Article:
Genes versus Fast Foods: Eat, Drink and Be Wary
Insufficient time has elapsed for our genomes to adapt to the caloric abundance and reduced physical activity accompanying industrialization. Diseases of dietary excess, rather than nutritional deficiency are the major causes of death and disability in the Western world. Using human genetics, we have identified new genes and sequence variations conferring susceptibility (and resistance) to metabolic disorders associated with diabetes and heart disease.
1. Review strategies used to identify genetic variants contributing to common diseases associated with dietary excess.
2. Demonstrate role of genes involved in lipid metabolism in susceptibility (and resistance) to metabolic and cardiovascular disease.
3. Appreciate how human genetics can provide mechanistic insights into the relationship between phenotypes and diseases.
The NIH Director's Wednesday Afternoon Lecture Series includes weekly scientific talks by some of the top researchers in the biomedical sciences worldwide.
Author: Helen Hobbs, M.D, UT Southwestern
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Last week, I wrote about the notion that reality is composed of many layers, each with its own set of physical laws and principles. Reductionism would pose the opposite, that reality can be traced down to the ultimate, or most fundamental, components of matter.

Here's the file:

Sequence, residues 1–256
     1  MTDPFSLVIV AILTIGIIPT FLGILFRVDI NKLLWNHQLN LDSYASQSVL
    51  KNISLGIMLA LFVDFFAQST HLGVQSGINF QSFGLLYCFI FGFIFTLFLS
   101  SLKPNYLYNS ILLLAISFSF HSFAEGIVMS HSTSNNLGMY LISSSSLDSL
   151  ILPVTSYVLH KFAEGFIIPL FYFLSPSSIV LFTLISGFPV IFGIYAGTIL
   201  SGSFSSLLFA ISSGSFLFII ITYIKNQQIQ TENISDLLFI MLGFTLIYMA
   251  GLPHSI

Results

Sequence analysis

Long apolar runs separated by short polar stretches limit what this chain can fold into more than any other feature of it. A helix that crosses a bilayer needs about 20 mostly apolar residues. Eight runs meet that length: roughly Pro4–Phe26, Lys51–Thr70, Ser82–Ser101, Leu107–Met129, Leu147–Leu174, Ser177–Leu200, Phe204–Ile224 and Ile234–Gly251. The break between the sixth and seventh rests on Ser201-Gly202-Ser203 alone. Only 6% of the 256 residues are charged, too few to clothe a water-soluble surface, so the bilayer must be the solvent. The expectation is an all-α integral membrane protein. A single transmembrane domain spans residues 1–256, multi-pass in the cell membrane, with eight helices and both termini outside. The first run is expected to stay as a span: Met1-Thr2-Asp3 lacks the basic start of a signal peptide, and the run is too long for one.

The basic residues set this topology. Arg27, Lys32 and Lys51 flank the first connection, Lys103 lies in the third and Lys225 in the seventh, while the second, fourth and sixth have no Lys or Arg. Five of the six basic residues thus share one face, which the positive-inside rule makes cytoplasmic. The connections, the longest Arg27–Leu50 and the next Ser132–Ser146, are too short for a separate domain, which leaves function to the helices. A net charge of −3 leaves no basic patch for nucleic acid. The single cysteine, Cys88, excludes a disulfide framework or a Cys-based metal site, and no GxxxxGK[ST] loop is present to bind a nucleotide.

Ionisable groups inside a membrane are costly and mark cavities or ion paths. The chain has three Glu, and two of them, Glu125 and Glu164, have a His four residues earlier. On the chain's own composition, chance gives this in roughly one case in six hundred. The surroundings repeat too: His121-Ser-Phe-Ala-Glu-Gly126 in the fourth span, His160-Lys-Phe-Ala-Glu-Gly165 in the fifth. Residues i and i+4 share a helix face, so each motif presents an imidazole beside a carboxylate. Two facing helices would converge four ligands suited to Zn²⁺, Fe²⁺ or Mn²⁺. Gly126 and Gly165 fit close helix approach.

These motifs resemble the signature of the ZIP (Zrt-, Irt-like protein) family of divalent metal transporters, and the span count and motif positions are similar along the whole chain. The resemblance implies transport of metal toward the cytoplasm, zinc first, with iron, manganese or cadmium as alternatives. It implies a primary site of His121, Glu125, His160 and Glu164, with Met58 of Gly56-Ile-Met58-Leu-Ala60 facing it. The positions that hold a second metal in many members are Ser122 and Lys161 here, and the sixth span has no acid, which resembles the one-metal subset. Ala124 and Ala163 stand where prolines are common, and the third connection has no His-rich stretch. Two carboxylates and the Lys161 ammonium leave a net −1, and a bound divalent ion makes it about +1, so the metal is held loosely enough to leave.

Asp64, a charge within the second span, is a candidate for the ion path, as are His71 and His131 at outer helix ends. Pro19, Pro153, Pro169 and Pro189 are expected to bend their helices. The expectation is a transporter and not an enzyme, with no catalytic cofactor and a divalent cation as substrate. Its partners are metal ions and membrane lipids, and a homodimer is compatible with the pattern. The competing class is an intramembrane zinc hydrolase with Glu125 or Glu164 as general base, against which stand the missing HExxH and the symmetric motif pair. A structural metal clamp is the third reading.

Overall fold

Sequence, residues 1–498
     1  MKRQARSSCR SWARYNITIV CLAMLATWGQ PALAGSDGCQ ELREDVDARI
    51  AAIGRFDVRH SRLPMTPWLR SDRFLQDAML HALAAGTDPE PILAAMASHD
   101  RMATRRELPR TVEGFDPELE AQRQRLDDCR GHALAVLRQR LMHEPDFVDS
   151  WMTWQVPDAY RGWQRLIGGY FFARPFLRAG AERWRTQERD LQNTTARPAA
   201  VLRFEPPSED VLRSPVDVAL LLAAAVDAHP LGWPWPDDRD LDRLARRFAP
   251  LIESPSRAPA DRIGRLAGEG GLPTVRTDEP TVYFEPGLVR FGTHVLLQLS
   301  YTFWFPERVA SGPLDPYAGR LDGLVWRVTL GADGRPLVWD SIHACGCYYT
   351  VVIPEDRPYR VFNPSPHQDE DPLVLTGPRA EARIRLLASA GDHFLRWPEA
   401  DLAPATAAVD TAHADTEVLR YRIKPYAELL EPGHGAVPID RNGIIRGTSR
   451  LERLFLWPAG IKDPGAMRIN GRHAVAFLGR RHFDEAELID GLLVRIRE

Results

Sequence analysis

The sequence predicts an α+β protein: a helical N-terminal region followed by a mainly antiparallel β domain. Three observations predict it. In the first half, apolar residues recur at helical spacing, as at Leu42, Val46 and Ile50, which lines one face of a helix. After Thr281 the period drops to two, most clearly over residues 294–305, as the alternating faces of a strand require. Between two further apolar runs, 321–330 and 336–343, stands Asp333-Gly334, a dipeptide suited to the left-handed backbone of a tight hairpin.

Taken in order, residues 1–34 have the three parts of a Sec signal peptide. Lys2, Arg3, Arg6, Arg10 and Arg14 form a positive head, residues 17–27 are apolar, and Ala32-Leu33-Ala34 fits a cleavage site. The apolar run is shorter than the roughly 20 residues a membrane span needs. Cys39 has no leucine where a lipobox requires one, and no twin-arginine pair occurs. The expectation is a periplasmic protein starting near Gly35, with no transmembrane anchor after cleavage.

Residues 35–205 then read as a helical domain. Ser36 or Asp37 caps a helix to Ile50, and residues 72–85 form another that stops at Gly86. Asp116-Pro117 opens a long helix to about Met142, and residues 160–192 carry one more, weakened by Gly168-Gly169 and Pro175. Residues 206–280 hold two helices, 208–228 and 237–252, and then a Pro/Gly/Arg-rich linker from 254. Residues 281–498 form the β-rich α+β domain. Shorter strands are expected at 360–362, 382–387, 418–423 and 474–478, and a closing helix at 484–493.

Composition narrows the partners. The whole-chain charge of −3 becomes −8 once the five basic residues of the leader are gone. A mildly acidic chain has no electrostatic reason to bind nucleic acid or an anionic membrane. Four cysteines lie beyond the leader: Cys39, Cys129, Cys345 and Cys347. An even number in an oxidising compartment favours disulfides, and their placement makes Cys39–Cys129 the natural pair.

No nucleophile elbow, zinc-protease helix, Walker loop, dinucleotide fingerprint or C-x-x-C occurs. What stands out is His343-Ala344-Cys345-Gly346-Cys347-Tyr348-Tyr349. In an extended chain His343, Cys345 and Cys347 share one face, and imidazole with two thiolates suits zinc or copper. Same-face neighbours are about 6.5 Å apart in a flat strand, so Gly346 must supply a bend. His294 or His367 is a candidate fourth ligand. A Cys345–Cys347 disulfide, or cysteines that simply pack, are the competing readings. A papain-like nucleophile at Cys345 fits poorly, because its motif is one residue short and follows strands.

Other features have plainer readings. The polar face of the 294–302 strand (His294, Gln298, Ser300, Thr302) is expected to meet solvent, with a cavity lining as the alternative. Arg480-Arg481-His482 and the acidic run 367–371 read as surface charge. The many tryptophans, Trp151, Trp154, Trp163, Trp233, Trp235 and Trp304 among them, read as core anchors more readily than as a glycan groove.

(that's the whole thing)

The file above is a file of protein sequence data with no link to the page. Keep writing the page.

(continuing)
Under this prism, everything that exists can be explained from the way these material bits interact to create the structures we see in the world. The laws that dictate their behavior are the only fundamental laws; everything else comes from them.
There were many thoughtful responses and comments to my post that deserve to be addressed in more detail. Mostly, they hinged on an old, and quite difficult, philosophical question: what is reality and how do we know? Let’s see what we can do in less than 1000 words.We can start by contrasting Hume and Kant. Hume, the ultimate empiricist, would claim that all that we know comes from the outside, from sensorial experience. We collect information about the world through our senses (that is, our measurements) and, based on this information, we define what is real. So, a person disconnected from the world, say, someone that grew up without any contact with external stimuli and that was fed intravenously, would not be able to think much: without input we are clueless of what goes on.
Kant would counter that we have a priori “intuitions,” thought structures that give meaning to the sensorial input that Hume considered vital. Without these intuitions, Kant would say, the sensorial input would be meaningless. Two of these intuitions are the a priori notions of space and time; they weave the fabric of reality, connecting data that, without them, wouldn’t make any sense. So, Kant brings the human mind to center stage, crediting it with the construction of reality itself: what we call real depends on our a priori structures. A mind with different a priori structures would have a different sense of the real.
Now, Kant doesn’t dismiss the sensorial input. To him, even though knowledge begins with experience, it doesn’t follow that it arises out of experience. That is, we need the sensorial input to start with but meaning doesn’t come from the input alone. It need to be framed by a priori intuitions, ordered in time, arranged in space.